Monday, April 5, 2010
But this little guy here with the help of a rhyolite flake, a couple mano's, and some FAR just put the breaks on a construction job*. This little rock is a bowl fragment. We think it is the bottom piece of a bowl anyway. This find was very unexpected. The rhyolite flake was imported because there is no source anywhere nearby. And when I say nearby, I mean within a 50 mile radius at least. The mano's (hand stones: formed to fit the hand and has "use" wear, i.e. used to pound and scrape the crap out of stuff)and FAR (fire affected rock, i.e. placed in a hearth to cook the crap out of stuff) was probably local material, but was found in a most unusual place. A shooting range. And a shooting range with people... shooting the crap out of clay pigeons (they never had a chance), and bow-and-arrow! This shooting range is in the middle of El Monte, population 115,965 as of 2000. And next to a major highway. Amazing that even with all the development, a little piece of prehistory is still there.
We found this on my second visit to the shooting range (we had previously surveyed the area twice). We came back at the request of our boss, and with a little more intensive searching, wa la, a site. The site started out as an historic one (European - old glass and ceramics [plates and cups]) and while we were sitting down for break under the transmission tower... "hey that looks like an interesting rock"... "oh wow, is that what I think it is?"... "the client is going to squirt their shorts!"...
And they did. What made it interesting is that this little prehistoric concentration was in the berm of the dirt access road that goes around the transmission tower (big steel electric towers), and this road gets graded probably yearly if not more. So by grading this road over and over and over, eventually exposed this concentration. We will now get to answer the questions of is this just an isolated hearth? Was it all imported and dropped? Is there more beneath the surface? Will I get shot in the ass by a rogue arrow? All will be revealed.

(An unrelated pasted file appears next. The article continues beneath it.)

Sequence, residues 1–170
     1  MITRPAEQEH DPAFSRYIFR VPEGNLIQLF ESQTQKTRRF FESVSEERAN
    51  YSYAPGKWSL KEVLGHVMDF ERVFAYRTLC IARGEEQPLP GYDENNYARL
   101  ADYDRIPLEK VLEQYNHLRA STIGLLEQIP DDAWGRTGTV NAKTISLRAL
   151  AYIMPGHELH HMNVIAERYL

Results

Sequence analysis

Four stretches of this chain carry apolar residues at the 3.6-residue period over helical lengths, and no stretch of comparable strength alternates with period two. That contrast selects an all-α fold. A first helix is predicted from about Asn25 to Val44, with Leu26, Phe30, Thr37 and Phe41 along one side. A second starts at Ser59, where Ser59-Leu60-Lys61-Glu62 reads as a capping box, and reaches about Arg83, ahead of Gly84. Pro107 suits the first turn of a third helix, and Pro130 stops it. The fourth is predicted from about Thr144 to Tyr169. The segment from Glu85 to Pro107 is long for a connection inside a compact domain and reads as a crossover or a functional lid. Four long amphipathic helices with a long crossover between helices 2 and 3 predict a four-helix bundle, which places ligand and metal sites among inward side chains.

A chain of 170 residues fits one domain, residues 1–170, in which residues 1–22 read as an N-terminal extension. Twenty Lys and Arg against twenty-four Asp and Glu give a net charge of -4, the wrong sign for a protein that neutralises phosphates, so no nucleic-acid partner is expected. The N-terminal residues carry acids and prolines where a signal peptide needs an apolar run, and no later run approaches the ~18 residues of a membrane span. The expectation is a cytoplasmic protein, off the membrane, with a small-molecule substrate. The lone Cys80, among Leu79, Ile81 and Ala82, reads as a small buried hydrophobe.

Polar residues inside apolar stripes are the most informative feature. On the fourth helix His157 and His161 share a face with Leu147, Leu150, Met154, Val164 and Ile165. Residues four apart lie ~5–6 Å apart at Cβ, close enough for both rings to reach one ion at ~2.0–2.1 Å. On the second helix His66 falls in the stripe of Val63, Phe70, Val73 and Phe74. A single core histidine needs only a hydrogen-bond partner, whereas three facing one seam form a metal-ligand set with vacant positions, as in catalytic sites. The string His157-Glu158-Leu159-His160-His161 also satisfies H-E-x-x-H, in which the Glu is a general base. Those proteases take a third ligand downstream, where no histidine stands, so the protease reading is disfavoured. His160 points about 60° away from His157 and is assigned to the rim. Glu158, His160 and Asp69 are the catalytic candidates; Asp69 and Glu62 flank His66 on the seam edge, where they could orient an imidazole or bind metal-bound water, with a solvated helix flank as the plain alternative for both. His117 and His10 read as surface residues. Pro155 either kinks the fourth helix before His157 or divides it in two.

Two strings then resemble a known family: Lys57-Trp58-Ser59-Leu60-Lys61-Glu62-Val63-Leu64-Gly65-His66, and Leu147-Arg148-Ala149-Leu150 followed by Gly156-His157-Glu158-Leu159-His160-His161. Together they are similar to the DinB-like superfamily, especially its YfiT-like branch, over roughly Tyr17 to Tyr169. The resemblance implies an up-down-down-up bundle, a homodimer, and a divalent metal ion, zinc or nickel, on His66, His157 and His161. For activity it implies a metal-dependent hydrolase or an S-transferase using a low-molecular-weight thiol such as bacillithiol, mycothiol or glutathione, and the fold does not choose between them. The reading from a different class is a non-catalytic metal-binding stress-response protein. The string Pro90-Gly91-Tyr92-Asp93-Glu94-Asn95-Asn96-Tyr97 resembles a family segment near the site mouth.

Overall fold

*I feel I need to explain a bit more here. The project in question is a transmission line. The client (who we were hired by) will be dismantling an old transmission line and towers and will be erecting (I knew I could get that word in somewhere) new bigger and shinier ones with more power. They have a right-of-way or easement, in some places. Which means that anything we find within that right-of-way, they have to deal with and manage. Even if it is on private property. The client, not the actual property owners have to mitigate what we have found. Our client has decided that they will replace said tower anyway, so to off-set the fact that they will obliterate the site during construction, we go in ahead of them and do it for them (excavation). This is a state and federal government issue and so the client has to fulfill certain requirements by law (state and federal).
Many people have the misconception that if they have any archaeological site on their property (Indian or otherwise) that if the government or Indians find out about it, that it will get taken away. Not so, peeps. Private property means exactly that, private. I've worked on private property before and I've documented sites on private property. All I have the power to do is make life miserable for those who have an easement or right-of-way through said property. It means an agency/company/whoever won't be able to put a cell tower or road or utility pole in the site. They will now have to find a way around it, or change their plans to avoid it. But the property owner can do whatever they want (nothing, graze cows, blast it to smithereens). Also, if the site is one of a kind or pretty darn cool, then the owners can actually get money from the government (state and/or federal) to protect/preserve it. Pretty sweet, eh?